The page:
Uefa has fined Rangers 40,000 euros (£35,652) and banned its fans from the next away European game for sectarian singing in a match at PSV Eindhoven.
At a hearing in Nyon, Switzerland, Uefa also gave Rangers a suspended ban on its fans for a second away game for a probationary period of three years.
Uefa also issued a suspended punishment for fans' behaviour at the Ibrox leg.
It will fine Rangers a further 40,000 euros and close Ibrox for one match if fans misbehave in the next three years.
Should the Scottish Premier League leaders choose to appeal against the decision, the club must do so within three days of receiving Uefa's written decision.
In a statement on the Rangers website, chief executive Martin Bain said: "We are bitterly disappointed that our club has been placed in a position where we are subjected to these kind of sanctions by Uefa.
"We will consider our position when we receive the written reasons for the decision which are expected in a week or so.
"The club put its own case very forcibly to Uefa and the more draconian sanctions that were recommended by the disciplinary inspector have been mitigated to a degree.
"To be clear, we condemn sectarianism and there is no doubt the mindless behaviour of an element of our support has exposed the club to a very serious situation. The people who engage in this type of behaviour are damaging the club they claim to support.
"It is abundantly clear from this decision that if there is any sectarian singing at future matches the suspended bans will take effect. Those fans who engage in such activity need to take that message on board."
When news broke of Uefa's intention to hear allegations of sectarian singing by the club's fans at the Europa League match against the Dutch side on 17 March, Bain said the club was "absolutely astounded" and that it planned to defend the club's position "very, very vigorously".
While acknowledging that sectarian singing is a problem among a section of its support, Bain had argued that the club had taken significant steps to wipe out such behaviour.
He also said Rangers were unhappy that a report from FARE (Football Against Racism in Europe) should result in them facing charges, while the Uefa match delegates gave favourable reports on its fans' behaviour in the games against PSV.
However, Piara Powar, executive director of the FARE network, earlier this month defended his organisation and denied there was any undue focus on Rangers.
"The FARE network is focused only on our core mission of tackling discrimination in football and encouraging social inclusion through the game," he said.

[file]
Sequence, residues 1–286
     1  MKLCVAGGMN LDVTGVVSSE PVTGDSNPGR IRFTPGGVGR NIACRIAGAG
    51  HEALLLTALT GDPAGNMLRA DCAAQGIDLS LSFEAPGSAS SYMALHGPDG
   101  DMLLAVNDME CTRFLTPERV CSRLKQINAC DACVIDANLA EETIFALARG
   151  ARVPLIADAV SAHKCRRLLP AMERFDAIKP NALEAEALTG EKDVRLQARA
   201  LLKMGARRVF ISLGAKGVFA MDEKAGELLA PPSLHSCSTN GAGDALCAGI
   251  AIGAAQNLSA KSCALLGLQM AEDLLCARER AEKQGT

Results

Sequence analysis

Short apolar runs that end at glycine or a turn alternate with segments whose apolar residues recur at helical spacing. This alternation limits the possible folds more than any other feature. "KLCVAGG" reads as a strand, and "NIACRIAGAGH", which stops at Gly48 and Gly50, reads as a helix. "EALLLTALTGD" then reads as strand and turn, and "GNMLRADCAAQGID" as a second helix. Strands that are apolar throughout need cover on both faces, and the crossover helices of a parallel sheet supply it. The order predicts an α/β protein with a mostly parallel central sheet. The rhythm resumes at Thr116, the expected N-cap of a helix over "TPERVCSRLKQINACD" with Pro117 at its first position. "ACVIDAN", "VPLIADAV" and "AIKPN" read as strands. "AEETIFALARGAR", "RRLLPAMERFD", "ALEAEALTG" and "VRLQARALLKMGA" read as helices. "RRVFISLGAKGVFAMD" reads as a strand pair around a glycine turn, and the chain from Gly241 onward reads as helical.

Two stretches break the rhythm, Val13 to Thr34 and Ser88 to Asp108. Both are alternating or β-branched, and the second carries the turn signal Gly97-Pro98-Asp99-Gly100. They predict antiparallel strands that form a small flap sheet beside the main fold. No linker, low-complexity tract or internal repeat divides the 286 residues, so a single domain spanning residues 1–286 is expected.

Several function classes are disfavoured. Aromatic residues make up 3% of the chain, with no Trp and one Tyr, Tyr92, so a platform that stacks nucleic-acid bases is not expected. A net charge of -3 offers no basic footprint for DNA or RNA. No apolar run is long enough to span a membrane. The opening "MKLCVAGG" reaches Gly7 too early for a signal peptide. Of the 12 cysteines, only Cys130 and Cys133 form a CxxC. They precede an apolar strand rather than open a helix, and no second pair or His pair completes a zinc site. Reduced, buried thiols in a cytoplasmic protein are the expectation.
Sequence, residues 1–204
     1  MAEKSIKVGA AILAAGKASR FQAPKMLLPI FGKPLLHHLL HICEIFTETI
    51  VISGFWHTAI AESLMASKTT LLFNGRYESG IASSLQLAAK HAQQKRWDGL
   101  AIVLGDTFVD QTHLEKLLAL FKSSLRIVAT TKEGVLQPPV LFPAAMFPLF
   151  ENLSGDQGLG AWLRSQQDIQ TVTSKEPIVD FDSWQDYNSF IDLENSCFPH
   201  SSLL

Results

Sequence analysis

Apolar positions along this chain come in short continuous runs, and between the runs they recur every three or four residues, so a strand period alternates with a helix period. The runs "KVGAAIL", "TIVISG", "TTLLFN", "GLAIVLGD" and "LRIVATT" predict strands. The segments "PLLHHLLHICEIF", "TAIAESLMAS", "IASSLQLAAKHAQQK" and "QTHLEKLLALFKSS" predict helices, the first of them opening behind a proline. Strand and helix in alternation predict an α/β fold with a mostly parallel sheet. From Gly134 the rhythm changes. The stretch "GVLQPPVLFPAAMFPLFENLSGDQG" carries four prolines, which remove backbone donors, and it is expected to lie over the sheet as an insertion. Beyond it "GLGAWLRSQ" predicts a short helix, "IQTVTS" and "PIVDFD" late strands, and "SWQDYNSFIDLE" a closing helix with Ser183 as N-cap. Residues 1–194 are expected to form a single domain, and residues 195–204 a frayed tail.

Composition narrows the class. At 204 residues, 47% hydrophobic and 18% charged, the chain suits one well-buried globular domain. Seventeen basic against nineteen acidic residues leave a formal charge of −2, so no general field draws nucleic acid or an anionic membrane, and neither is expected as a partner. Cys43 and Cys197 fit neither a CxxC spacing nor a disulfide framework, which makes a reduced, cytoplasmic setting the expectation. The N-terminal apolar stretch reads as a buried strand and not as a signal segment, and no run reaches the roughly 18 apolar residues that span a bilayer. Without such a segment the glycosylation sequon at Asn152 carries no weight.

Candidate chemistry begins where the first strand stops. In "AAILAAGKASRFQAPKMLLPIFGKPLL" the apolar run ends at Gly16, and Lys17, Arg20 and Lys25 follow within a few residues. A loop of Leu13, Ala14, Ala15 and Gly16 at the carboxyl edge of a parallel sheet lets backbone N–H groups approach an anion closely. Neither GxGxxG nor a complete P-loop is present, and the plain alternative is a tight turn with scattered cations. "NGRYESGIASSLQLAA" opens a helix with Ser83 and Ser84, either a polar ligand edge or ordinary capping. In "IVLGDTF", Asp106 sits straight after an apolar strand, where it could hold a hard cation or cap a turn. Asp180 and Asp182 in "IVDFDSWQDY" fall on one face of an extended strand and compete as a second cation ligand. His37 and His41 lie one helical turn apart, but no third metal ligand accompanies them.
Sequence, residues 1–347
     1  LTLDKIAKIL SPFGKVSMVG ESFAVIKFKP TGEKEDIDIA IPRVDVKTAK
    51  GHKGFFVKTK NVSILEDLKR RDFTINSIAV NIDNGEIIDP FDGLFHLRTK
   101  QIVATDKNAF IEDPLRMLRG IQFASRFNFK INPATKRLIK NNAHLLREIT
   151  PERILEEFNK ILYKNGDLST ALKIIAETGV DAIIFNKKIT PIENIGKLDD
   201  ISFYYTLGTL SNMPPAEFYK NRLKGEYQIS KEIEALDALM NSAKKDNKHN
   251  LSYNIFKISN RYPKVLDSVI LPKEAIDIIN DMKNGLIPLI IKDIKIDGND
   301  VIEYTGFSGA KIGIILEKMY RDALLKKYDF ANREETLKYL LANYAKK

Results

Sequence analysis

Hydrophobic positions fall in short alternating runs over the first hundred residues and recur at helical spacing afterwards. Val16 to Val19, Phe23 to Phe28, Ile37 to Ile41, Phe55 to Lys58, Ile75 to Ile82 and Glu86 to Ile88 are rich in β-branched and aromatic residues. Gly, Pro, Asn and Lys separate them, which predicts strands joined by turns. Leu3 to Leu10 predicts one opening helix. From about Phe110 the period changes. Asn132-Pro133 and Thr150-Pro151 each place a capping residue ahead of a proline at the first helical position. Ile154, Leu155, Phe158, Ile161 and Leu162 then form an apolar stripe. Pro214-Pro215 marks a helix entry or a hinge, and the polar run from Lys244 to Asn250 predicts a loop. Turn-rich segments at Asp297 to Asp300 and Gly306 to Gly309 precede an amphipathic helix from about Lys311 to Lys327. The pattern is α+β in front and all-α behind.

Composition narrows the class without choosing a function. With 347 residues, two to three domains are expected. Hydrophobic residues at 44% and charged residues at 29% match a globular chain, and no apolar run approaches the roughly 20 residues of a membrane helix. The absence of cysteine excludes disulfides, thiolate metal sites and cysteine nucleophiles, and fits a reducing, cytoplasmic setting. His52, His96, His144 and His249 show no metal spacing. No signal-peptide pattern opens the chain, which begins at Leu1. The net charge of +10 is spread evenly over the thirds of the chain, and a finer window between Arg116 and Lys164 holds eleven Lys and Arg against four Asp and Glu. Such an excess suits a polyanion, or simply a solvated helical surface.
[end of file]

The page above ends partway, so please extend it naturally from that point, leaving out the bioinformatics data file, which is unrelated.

"We have no axe to grind with any club."
Bain added in Thursday's response to Uefa's sanctions: "In terms of the Uefa case brought against us, we have had serious concerns about the integrity of the evidence compiled by the FARE organisation and that remains the case.
"We are also of the opinion that FARE has been influenced by people who make it their business to damage our club in any way they can.
"We are committed to the eradication of sectarianism and believe it would have been more constructive for FARE to work with our club rather than against it.
"Instead, they submitted evidence to Uefa with a clear objective in mind and have shown a complete lack of transparency or accountability when asked for clarification on various aspects of that evidence."
Earlier on Thursday, Rangers assistant manager Ally McCoist accepted that if a ban on fans attending matches at Ibrox helped to eradicate sectarianism, it would be worth the club taking the financial hit.
He said ahead of Uefa's decision: "No matter what it costs, if the problem can get eradicated, then anything is a good thing."
McCoist, though, believes the guilty fans should be punished instead of the club.
"It would be a real blow," added McCoist. "The atmosphere at our place in the Champions League in recent seasons has been out of this world.
"I'd feel really sorry for the good fans and the players as well."
The decision by Uefa's Control and Disciplinary Body to punish Rangers will have been based in part on the club's fans' behavioural record over the past five years.
The Glasgow club was fined £13,300 for supporters' discriminatory chanting and £9,000 for attacking their opponents' team bus during an away game against Villarreal in 2006.
And Uefa issued a fine of £8,280 for some Rangers fans' behaviour during a match against Osasuna in May 2007.
The following year, at the Uefa Cup final in Manchester, fans were involved in city centre riots, and a fine of £18,000 was imposed by Uefa for fan violence when the club played Unirea Urziceni in Romania in November 2009.